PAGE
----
When I was a kid, I did not like clutter and I didn’t like having a lot of things around me. I preferred a lot of open space.
Part of it was due to my claustrophobia but I was also unknowingly being a sort of minimalist.
As an adult, I haven’t changed much but now encompass a largely minimalist life because I find it freeing.
It makes you feel light mentally and emotionally so you can be a happier and more productive person.
What Does Being a Minimalist Mean?
No. It’s not some new-age-salt-of-the-earth-let’s-walk-around-without-shoes fad. Minimalism means living a simple, clutter-free life.
It means letting go of the need to own things and possess things that add no value to your life.
Minimalism is deliberately and intentionally living a life where you are happy with and by yourself; where you don’t need things to be happy.
Minimalism is focus.
Minimalism is discipline.
Minimalism is freedom.
Sounds terrifying? I promise you it really isn’t. You don’t have to shave your head. You don’t have to throw away everything you own.
Once you understand what it means to be a minimalist and start replicating these tenets within your life, one of the things you’ll ask yourself is, “Why on earth did it take me so long to start doing this?”
7 Benefits of Becoming a Minimalist
1. Lightness of Being
When you have less, you feel light mentally and emotionally. You will be able to think and create better.
2. More Money in Your Pocket
You spend way less money than you used to. If you’re paying off debt, becoming a minimalist will help you get to your debt-free goal faster.
3. Perks for the Environment
Minimalism means you own less stuff. Owning less stuff is great for the environment. You reduce your carbon footprint and lessen overconsumption.
4. You Stop Caring About the Joneses
When you truly imbibe the tenets of owning less within you, you’ll find you don’t give a rat’s ass about keeping up with the Joneses.
5. Aesthetic Pleasure
A minimalist living environment is aesthetically pleasing to the eye. A minimalist home filled only with things that matter will become a nurturing space to you.
6. Bigger Living Space
There’s more space to move around your apartment and/or house. You may find you are even able to downsize to a smaller house or apartment thus saving more money in the process.
7. Clarity on What’s Important
You will begin to gain clarity on what’s really important to you and create space in your life for it. It becomes more than just minimalism.
Everything you fill your home with will begin to take on more meaning and value.
Are you ready to give the minimalist lifestyle a shot?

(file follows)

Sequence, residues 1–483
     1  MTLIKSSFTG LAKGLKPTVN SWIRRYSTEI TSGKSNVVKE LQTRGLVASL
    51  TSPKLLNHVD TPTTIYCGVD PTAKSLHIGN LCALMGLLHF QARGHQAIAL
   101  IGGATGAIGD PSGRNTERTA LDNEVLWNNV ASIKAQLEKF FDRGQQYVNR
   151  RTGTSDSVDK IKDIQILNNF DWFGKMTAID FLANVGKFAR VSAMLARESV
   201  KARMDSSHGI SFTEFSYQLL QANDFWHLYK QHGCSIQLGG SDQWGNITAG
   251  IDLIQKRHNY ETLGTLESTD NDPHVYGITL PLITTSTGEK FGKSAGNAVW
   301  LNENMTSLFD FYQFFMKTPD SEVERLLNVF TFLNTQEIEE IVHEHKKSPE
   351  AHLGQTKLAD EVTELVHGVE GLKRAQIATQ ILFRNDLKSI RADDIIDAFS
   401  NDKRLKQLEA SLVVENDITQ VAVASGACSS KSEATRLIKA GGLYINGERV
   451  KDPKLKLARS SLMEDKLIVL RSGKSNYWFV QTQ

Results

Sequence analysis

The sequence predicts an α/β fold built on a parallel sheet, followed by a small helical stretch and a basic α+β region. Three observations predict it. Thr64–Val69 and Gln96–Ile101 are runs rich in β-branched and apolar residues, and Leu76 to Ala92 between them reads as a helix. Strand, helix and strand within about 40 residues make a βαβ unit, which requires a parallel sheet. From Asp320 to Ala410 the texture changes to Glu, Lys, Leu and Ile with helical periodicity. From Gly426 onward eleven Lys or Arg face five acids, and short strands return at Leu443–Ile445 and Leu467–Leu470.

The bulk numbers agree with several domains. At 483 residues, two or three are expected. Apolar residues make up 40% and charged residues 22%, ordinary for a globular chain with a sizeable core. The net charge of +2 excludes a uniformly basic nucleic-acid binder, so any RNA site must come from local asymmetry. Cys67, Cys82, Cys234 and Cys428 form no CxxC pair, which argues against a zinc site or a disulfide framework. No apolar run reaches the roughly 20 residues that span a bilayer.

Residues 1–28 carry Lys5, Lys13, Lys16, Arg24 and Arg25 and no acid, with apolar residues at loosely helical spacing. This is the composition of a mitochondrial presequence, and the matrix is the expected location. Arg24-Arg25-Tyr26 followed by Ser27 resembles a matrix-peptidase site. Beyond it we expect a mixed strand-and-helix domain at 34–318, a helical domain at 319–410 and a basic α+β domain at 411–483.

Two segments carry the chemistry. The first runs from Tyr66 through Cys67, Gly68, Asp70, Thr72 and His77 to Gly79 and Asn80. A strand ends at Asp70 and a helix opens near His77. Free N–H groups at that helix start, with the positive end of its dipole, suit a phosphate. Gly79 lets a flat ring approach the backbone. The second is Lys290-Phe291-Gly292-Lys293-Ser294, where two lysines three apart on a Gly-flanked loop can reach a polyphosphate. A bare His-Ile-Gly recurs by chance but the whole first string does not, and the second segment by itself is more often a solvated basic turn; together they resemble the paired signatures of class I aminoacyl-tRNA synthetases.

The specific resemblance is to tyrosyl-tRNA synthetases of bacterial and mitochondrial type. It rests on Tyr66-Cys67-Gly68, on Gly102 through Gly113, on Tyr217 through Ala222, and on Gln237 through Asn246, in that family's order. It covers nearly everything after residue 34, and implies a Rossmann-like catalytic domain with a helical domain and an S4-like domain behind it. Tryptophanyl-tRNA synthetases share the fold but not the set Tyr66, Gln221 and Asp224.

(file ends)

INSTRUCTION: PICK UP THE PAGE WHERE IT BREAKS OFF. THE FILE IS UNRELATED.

How to Become a Minimalist
1. Start with a Flip Chart
Grab a flip chart or a large notebook. Write down all the things you think are cluttering up your life. Too many clothes? Shoes? Knick-knacks around the house?
2. Pick a Declutter Day
Set aside a day over the weekend to start gathering up all the things that you know you don’t need. What do you do with them? Donate or sell them if you want but they have to go.
3. Don’t Start on the Extreme Side
Don’t try to become some sort of extreme minimalist off the bat. That could backfire. Start slowly with a few things at a time.
4. Keep Track of Your Activities
Catalogue how you spend your time in a day or a week. How much time do you spend on mindless things? Social media? Watching TV? Engaging with your smartphone? Slowly start scaling back on those activities.
5. Eliminate Negative Energy
Are there any energy vampires in your life? These are toxic people that suck all the positive energy out of you. Start spending less time with them and eventually phase them out of your life.
6. Simplify Your Kitchen
Practice simple meal planning. What does this mean? When a meal starts having too many components, steps, and processes, it can lead to clutter in your kitchen.
Don’t stop at the list above. Anything you can change within your life that will help you to live more with fewer things is part of the journey to becoming a minimalist.
6 Ways I Practice the Minimalist Lifestyle
- I live in a studio apartment. When I became self-employed, I considered moving to a 1 bedroom when I was setting up my home office but in the end, I was able to fit it in quite nicely in my studio. It’s the right size and I don’t feel the need to have a bigger apartment because I can afford it.
- I’ve driven the same car for the last 10 years. It’s well serviced. It works fine and it takes me from point A to point B, which is really all I’m looking for in a car.
- I un-clutter once or twice a year. Read How to Declutter Your Home and Life Fast.
- I live consciously. It’s important to me to make sure I spend my time doing things that mean something to me. When I’m wasting time, my brain sets off some sort of alarm. This skill came about after years of mental training and discipline. It’s part of the 5 pillars discussed in Take Control of Your Financial Independence Bundle.
- I don’t measure my life or success against anyone else’s. My journey is mine to travel and if it satisfies the goals I’ve set for myself, I’m good.
- I don’t replace anything unless I have squeezed every last bit of usefulness out of it. For example, if a pair of shoes I wear for work doesn’t fall apart, I don’t buy another pair.
There are various levels of being a minimalist and there are some extremes to it but the bottom line is being happy and being able to live on less.
That’s all there is to it. Now, go start with 1 thing and build up from there.
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- Take Control of Your Financial Independence Bundle
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